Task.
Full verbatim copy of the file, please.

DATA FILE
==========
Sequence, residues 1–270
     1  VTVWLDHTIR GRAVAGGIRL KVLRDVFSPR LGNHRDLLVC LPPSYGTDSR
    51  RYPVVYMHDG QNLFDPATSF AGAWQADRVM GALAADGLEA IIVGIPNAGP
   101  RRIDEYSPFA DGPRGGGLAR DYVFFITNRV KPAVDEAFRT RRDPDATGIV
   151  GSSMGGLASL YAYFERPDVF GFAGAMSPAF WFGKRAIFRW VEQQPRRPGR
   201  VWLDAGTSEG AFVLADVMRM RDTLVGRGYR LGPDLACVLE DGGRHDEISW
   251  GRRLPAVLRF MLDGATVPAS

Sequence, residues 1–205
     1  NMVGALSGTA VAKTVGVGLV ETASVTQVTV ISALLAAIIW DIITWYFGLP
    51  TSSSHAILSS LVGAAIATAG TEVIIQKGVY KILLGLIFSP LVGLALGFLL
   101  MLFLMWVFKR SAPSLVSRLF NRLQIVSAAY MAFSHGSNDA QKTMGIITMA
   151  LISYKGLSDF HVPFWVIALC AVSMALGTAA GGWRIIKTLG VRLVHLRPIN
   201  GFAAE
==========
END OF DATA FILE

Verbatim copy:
Sequence, residues 1–270
     1  VTVWLDHTIR GRAVAGGIRL KVLRDVFSPR LGNHRDLLVC LPPSYGTDSR
    51  RYPVVYMHDG QNLFDPATSF AGAWQADRVM GALAADGLEA IIVGIPNAGP
   101  RRIDEYSPFA DGPRGGGLAR DYVFFITNRV KPAVDEAFRT RRDPDATGIV
   151  GSSMGGLASL YAYFERPDVF GFAGAMSPAF WFGKRAIFRW VEQQPRRPGR
   201  VWLDAGTSEG AFVLADVMRM RDTLVGRGYR LGPDLACVLE DGGRHDEISW
   251  GRRLPAVLRF MLDGATVPAS

Sequence, residues 1–205
     1  NMVGALSGTA VAKTVGVGLV ETASVTQVTV ISALLAAIIW DIITWYFGLP
    51  TSSSHAILSS LVGAAIATAG TEVIIQKGVY KILLGLIFSP LVGLALGFLL
   101  MLFLMWVFKR SAPSLVSRLF NRLQIVSAAY MAFSHGSNDA QKTMGIITMA
   151  LISYKGLSDF HVPFWVIALC AVSMALGTAA GGWRIIKTLG VRLVHLRPIN
   201  GFAAE